June 20, 2017
If you or someone you care about has ever been accused of a crime, you know how helpful it is to familiarize yourself with the criminal justice system. One of the most basic levels of this system involves the initial appearance and setting conditions of pretrial release.
Initial appearances are governed by NCGS Section 15A-511. A law enforcement officer must take a person arrested (with or without a warrant) before a judicial official without unnecessary delay (G.S. Section 15A-501(2)). The judge, clerk, or magistrate presiding must inform the defendant of the charges and the right to communicate with counsel and friends, and of the general circumstances under which he may secure his release.
For initial appearances for warrantless arrests, the judicial official must determine whether there is probable cause to believe that a crime has been committed and that the person arrested committed it. If there is no probable cause, the Defendant is released. If probable cause is found, the judicial official must issue the criminal process known as the Magistrate’s Order, which contains the statement of the crime charged and facts to support each element of the offense. For initial appearances for arrests with warrants, no finding of probable cause is necessary because it was already found when the warrant was issued.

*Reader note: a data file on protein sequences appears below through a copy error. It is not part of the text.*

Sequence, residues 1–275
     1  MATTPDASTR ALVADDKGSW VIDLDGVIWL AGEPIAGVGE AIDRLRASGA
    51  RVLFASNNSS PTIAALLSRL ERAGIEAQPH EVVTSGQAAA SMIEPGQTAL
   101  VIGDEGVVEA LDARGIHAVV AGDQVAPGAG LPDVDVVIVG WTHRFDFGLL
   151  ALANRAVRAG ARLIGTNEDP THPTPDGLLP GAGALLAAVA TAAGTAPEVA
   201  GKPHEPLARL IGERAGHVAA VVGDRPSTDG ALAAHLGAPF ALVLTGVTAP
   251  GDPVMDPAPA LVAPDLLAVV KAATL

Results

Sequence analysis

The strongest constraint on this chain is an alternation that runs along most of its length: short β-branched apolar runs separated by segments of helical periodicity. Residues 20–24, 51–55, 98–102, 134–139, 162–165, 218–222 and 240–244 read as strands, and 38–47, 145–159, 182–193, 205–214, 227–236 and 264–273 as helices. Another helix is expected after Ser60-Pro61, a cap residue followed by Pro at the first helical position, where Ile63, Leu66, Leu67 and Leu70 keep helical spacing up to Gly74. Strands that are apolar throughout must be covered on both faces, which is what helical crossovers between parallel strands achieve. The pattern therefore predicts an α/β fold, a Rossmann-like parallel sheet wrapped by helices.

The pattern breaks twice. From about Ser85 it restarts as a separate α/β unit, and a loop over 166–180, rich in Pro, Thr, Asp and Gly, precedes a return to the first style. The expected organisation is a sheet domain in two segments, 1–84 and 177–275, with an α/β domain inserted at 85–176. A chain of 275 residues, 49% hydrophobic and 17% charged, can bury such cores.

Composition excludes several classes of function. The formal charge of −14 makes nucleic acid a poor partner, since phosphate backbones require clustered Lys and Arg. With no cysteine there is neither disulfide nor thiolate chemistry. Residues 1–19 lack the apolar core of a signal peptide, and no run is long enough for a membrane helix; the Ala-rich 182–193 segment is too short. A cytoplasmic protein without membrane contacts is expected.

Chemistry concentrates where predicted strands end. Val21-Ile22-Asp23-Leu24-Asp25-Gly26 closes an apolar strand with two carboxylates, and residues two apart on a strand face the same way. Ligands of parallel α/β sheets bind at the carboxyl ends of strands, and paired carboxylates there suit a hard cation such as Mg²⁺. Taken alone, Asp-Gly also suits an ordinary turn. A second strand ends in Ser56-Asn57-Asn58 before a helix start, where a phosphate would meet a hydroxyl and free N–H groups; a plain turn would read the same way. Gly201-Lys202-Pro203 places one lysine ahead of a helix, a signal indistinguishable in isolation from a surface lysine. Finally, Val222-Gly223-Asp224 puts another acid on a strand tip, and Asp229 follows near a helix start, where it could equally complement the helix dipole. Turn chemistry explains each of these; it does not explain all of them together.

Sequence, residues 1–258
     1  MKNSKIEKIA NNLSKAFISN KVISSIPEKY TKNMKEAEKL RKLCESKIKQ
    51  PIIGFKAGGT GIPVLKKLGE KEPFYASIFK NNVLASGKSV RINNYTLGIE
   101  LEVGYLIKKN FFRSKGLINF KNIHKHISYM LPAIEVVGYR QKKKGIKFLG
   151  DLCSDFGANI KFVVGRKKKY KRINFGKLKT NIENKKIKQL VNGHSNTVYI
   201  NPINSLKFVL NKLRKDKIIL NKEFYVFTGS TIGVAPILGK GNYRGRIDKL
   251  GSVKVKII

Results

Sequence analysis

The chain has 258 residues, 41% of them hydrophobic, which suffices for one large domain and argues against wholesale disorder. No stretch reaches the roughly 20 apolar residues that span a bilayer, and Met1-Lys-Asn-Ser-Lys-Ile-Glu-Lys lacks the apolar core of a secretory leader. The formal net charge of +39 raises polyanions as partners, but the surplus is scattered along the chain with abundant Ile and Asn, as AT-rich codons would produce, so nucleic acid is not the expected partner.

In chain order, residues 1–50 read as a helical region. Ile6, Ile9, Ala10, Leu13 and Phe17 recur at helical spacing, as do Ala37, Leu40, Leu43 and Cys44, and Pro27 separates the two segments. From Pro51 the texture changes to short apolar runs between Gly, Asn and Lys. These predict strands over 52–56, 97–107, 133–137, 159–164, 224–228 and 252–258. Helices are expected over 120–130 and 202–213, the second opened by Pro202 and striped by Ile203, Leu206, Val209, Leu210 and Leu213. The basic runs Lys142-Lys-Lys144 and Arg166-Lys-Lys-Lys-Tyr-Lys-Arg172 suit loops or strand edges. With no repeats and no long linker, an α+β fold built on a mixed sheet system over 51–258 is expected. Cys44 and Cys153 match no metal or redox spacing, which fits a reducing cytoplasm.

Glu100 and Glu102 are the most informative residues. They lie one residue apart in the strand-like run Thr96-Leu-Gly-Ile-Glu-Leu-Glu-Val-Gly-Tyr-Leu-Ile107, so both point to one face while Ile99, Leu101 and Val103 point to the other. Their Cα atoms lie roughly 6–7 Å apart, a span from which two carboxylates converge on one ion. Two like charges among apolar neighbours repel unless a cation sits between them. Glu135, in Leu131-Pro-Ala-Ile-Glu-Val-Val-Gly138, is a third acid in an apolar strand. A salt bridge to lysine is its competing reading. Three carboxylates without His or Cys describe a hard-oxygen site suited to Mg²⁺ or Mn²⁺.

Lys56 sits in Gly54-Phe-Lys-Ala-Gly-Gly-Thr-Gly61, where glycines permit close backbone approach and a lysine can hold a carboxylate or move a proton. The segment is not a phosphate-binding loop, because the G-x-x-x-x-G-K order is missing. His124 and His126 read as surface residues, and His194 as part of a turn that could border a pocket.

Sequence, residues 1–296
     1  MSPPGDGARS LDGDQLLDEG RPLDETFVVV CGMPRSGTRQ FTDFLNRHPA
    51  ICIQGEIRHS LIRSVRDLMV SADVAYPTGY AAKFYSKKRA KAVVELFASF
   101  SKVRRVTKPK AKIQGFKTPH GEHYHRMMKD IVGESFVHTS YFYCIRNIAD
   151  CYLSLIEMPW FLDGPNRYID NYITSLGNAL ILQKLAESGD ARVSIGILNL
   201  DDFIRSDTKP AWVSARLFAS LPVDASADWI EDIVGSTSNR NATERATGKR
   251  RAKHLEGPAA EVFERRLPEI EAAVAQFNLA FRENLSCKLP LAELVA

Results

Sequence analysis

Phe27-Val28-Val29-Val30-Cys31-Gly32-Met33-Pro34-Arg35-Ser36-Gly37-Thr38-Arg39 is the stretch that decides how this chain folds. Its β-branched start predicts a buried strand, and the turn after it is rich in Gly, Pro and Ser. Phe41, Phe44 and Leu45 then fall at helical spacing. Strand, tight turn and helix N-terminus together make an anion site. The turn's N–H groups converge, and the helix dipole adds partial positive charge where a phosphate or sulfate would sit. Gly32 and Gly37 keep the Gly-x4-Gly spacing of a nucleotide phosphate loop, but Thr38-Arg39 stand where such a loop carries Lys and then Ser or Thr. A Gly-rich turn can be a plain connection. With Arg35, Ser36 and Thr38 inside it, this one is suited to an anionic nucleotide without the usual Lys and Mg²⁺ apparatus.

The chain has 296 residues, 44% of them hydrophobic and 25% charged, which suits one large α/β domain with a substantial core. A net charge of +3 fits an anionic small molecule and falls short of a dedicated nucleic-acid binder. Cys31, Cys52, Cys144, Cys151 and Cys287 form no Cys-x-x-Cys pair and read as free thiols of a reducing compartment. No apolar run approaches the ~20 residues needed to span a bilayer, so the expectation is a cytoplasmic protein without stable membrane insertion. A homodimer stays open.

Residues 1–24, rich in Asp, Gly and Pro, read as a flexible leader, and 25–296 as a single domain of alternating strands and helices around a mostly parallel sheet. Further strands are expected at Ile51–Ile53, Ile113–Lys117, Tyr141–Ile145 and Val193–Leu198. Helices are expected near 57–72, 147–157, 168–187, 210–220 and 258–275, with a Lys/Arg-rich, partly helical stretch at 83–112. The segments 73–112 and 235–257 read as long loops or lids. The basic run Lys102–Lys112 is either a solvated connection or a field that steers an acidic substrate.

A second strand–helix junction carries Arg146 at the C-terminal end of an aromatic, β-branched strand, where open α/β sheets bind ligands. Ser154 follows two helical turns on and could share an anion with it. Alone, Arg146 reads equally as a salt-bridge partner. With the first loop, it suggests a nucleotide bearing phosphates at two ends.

A defendant charged with a noncapital offense (everything except first-degree murder) is entitled to and must have conditions of pretrial release determined (G.S. Section 15A-533(b)). The purpose of pretrial release is to make sure that the defendant appears in court when required and does no harm while on release. In determining the specific conditions of release, the court will consider general factors pursuant to NCGS Section 15A-534(c) and required conditions pursuant to NCGS Section 15A-534(a). Of course, one common condition of release is the posting of a bond – a topic which will be discussed in greater detail in a separate blog post.
If you know someone who needs representation in a criminal matter, please call Attorney Frank McFarland for a free consultation in our McDowell County office located in Marion, North Carolina.